Diplomas Count - Issue 34, 2013 - (Page 8)
EDUCATION WEEK JUNE 6, 2013
Diplomas Count > www.edweek.org/go/dc13
High School Equivalency Test
Gets a Makeover
New computerized GED exams to be more rigorous—and costly
Why New Assessments?
“It was definitely time for [the ged assessment]
to be revamped. It would lose its relevance and
authority if it wasn’t,” says Barry E. Shaffer, an
adult education consultant and a retired director
of adult education in Faribault, Minn.
A driving force behind the new assessment has
been a need to prepare students better for life
beyond high school and the demands of today’s
workforce. Research by the American Council on
Education, which has run the ged program for
about 70 years, found that although 65 percent
of ged test-takers plan to go on to some form of
postsecondary education, only 35 percent enroll
within seven years, and just 12 percent earn any
higher education credential.
Since 1942, the ged tests have been updated
three other times—in 1978, 1988, and 2002.
“The ged test has always been a reflection of
what is happening in high schools,” says Randy
Trask, the president of the ged Testing Service,
which has offices in Washington and Bloomington, Minn. “Our high schools are all going
through a radical transformation to college- and
career-readiness standards,” he says. The new
ged exams will show if students have the skills
to get through the first year of college without
taking a remedial course.
Nationally, one in seven high school credentials
are ged certificates. In 2011, about 723,000 students (average age 26) took the tests, a number
that has remained relatively flat for the last decade.
Although the growing popularity of credit recovery and new alternative competency-based
credential systems may account for some of that
lack of growth, most experts and ged proponents
acknowledge there will always be a need for the
ged exams or some similar high school equivalency assessment.
Nearly 16 percent of American adults do not
have a high school diploma, according to federal education officials. More jobs are requiring higher levels of education, and ged Testing
Service officials say they are only scratching the
surface of potential test-takers.
The new ged assessment will cover four subject areas: literacy, mathematics, science, and
social studies. Its more-rigorous content will be
aligned with the new Common Core State Standards, which ask students to do more analysis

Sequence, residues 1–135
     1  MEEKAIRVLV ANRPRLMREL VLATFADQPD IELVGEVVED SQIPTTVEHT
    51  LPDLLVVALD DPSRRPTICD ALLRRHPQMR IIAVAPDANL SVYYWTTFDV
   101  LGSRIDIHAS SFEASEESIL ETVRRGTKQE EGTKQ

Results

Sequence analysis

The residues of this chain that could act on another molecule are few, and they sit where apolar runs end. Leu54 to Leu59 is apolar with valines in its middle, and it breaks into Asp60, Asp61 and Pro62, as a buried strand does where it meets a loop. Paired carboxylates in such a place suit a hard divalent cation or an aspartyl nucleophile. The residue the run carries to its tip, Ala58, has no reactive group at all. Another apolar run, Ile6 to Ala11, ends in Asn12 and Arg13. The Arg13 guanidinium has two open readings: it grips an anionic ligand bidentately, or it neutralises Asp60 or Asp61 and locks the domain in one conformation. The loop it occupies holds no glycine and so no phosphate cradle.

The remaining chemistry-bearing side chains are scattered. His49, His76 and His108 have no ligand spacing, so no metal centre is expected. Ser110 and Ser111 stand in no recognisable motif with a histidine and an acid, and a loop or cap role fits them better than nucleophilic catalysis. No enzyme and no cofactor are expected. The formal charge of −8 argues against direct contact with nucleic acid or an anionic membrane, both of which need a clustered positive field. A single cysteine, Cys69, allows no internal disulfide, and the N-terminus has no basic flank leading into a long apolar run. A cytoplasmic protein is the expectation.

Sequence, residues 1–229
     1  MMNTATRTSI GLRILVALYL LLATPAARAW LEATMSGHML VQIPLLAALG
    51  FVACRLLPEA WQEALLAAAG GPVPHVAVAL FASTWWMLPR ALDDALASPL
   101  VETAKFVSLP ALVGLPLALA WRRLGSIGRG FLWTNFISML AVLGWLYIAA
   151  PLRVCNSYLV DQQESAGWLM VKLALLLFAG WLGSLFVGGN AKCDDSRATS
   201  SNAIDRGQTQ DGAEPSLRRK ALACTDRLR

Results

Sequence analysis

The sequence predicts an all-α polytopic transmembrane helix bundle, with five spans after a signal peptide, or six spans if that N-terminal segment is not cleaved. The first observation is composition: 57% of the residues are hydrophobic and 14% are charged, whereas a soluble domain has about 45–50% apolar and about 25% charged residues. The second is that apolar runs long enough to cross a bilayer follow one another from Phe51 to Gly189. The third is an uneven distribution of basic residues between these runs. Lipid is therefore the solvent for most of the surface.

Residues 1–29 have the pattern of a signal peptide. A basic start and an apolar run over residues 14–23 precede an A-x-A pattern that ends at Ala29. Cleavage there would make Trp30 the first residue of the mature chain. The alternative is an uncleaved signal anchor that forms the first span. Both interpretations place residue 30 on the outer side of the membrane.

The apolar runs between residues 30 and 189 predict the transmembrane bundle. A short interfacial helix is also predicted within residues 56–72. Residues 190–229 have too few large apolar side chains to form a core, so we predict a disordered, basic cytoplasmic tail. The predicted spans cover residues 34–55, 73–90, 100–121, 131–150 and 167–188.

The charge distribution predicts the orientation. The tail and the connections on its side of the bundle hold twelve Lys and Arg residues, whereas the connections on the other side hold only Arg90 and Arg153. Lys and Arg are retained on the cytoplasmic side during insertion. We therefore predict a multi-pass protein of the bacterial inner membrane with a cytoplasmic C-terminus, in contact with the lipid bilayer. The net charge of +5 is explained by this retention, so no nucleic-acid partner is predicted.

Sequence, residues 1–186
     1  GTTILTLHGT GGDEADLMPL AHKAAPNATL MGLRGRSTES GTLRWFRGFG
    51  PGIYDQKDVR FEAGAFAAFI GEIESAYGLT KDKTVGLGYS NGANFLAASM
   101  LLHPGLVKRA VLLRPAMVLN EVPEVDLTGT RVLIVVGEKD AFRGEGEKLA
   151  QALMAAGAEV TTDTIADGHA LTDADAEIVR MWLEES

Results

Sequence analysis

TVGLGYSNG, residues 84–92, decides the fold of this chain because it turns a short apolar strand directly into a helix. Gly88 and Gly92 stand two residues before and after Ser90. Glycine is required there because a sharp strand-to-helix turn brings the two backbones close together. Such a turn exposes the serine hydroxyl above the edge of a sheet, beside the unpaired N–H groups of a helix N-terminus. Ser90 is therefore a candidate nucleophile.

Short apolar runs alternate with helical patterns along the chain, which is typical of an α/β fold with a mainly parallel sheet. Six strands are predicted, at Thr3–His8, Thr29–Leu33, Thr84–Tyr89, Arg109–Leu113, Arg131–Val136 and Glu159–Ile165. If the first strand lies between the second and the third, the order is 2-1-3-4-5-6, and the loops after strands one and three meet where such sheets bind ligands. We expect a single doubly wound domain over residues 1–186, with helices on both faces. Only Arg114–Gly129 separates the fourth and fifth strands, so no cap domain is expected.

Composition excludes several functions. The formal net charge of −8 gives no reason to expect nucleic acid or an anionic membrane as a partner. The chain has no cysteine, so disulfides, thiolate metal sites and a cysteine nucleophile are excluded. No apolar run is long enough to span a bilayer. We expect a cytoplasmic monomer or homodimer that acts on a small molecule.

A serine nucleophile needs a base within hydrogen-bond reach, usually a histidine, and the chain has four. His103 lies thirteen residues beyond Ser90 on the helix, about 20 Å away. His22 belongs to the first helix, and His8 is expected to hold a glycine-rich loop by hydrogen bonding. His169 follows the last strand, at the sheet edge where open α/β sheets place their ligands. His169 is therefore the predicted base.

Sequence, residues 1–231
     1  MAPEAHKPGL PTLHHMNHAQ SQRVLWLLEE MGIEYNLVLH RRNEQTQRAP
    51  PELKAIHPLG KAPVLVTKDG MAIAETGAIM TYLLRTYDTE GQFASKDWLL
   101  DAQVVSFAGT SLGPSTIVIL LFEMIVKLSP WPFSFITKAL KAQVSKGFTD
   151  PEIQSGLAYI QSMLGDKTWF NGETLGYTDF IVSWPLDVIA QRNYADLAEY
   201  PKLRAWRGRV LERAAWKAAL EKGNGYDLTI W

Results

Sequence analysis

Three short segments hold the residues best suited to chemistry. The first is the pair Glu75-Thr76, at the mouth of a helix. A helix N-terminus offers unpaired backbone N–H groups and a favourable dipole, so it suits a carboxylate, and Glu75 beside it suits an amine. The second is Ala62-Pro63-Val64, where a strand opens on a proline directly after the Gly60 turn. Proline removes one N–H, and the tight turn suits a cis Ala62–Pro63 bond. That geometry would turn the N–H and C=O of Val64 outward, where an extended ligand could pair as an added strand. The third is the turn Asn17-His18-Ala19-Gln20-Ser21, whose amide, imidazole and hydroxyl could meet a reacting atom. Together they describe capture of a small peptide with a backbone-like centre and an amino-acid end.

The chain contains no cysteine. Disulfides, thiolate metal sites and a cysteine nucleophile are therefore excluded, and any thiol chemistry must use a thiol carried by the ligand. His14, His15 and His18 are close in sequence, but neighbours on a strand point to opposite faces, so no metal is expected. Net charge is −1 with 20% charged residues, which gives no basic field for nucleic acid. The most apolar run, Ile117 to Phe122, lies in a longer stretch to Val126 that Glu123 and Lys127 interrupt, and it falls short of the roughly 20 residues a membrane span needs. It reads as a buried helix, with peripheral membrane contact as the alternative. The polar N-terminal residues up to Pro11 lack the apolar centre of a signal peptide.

and deeper-level thinking.
When details emerged last fall about the revised ged tests, though, some adult education
leaders worried about states’ ability to cover
the cost and acquire the new technology, and
whether students could adapt to the computer
model and tougher content.
“Our initial reaction was ‘a little too far, too
fast, folks,’ ” says Kevin G. Smith, the deputy
commissioner for adult career and continuing
education in New York state. “It’s not a simple
matter of aligning the test and putting out a new
test instrument that is computer-based.”
Students and instructors need time to gear
up, he says: “It doesn’t happen overnight and it
doesn’t happen without cost.”
New York and other states began to look for
alternatives through a working group of 41 members from the National Council of State Adult
Education Directors, a Washingon-based professional association.
Ctb/McGraw-Hill, the New York City-based
educational publisher, was the first to jump into
the market, developing its own Test Assessing
Secondary Completion, which New York has
committed to using. Meanwhile, the Princeton,
N.J.-based Educational Testing Service and Iowa
Testing Programs have joined forces to launch
the High School Equivalency Test, or Hi set.
Montana and New Hampshire have adopted the
ets version of the test, and other states, such
as Tennessee, are considering offering both the
Hiset and the ged.
Converting to a new system at a time when
education dollars are tight is a challenge for
many. “Nationally, it’s just a mess,” says Shaffer,
the Minnesota consultant. “But it can be resolved
at the state level with a good bit of collaboration,
discussion, [and] policymaking.”
Hard to Compare
To use other test vendors, some states, such
as Washington and Tennessee, are in the midst
of rewriting laws to wipe out references to the
brand ged. But the ged Testing Service reports
that at least 20 states have publicly indicated